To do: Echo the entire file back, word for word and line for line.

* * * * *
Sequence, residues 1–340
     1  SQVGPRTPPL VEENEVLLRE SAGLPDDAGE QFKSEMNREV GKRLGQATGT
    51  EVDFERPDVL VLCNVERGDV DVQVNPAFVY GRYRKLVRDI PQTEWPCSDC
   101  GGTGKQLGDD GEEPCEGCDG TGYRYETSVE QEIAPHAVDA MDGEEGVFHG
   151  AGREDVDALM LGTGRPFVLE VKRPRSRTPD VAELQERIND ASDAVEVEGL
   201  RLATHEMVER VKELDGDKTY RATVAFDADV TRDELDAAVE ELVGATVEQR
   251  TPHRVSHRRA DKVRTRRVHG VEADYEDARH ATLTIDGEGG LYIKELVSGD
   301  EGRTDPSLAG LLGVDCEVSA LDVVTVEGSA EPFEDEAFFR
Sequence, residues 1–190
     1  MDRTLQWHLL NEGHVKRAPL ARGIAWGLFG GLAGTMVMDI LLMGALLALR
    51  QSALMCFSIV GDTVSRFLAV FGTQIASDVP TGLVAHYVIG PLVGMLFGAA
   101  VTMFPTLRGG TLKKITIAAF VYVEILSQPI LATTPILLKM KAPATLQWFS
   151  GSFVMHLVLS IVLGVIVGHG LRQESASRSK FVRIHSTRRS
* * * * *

Sequence, residues 1–340
     1  SQVGPRTPPL VEENEVLLRE SAGLPDDAGE QFKSEMNREV GKRLGQATGT
    51  EVDFERPDVL VLCNVERGDV DVQVNPAFVY GRYRKLVRDI PQTEWPCSDC
   101  GGTGKQLGDD GEEPCEGCDG TGYRYETSVE QEIAPHAVDA MDGEEGVFHG
   151  AGREDVDALM LGTGRPFVLE VKRPRSRTPD VAELQERIND ASDAVEVEGL
   201  RLATHEMVER VKELDGDKTY RATVAFDADV TRDELDAAVE ELVGATVEQR
   251  TPHRVSHRRA DKVRTRRVHG VEADYEDARH ATLTIDGEGG LYIKELVSGD
   301  EGRTDPSLAG LLGVDCEVSA LDVVTVEGSA EPFEDEAFFR
Sequence, residues 1–190
     1  MDRTLQWHLL NEGHVKRAPL ARGIAWGLFG GLAGTMVMDI LLMGALLALR
    51  QSALMCFSIV GDTVSRFLAV FGTQIASDVP TGLVAHYVIG PLVGMLFGAA
   101  VTMFPTLRGG TLKKITIAAF VYVEILSQPI LATTPILLKM KAPATLQWFS
   151  GSFVMHLVLS IVLGVIVGHG LRQESASRSK FVRIHSTRRS